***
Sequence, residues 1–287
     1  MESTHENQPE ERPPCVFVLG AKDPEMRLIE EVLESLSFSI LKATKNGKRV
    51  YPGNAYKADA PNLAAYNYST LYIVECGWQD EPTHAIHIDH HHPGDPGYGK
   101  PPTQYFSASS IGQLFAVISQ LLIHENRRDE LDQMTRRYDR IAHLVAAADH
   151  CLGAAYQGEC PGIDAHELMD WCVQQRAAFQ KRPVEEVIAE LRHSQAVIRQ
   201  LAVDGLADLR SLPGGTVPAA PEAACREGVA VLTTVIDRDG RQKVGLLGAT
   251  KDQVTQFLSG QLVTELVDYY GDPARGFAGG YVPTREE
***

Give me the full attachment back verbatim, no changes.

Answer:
Sequence, residues 1–287
     1  MESTHENQPE ERPPCVFVLG AKDPEMRLIE EVLESLSFSI LKATKNGKRV
    51  YPGNAYKADA PNLAAYNYST LYIVECGWQD EPTHAIHIDH HHPGDPGYGK
   101  PPTQYFSASS IGQLFAVISQ LLIHENRRDE LDQMTRRYDR IAHLVAAADH
   151  CLGAAYQGEC PGIDAHELMD WCVQQRAAFQ KRPVEEVIAE LRHSQAVIRQ
   201  LAVDGLADLR SLPGGTVPAA PEAACREGVA VLTTVIDRDG RQKVGLLGAT
   251  KDQVTQFLSG QLVTELVDYY GDPARGFAGG YVPTREE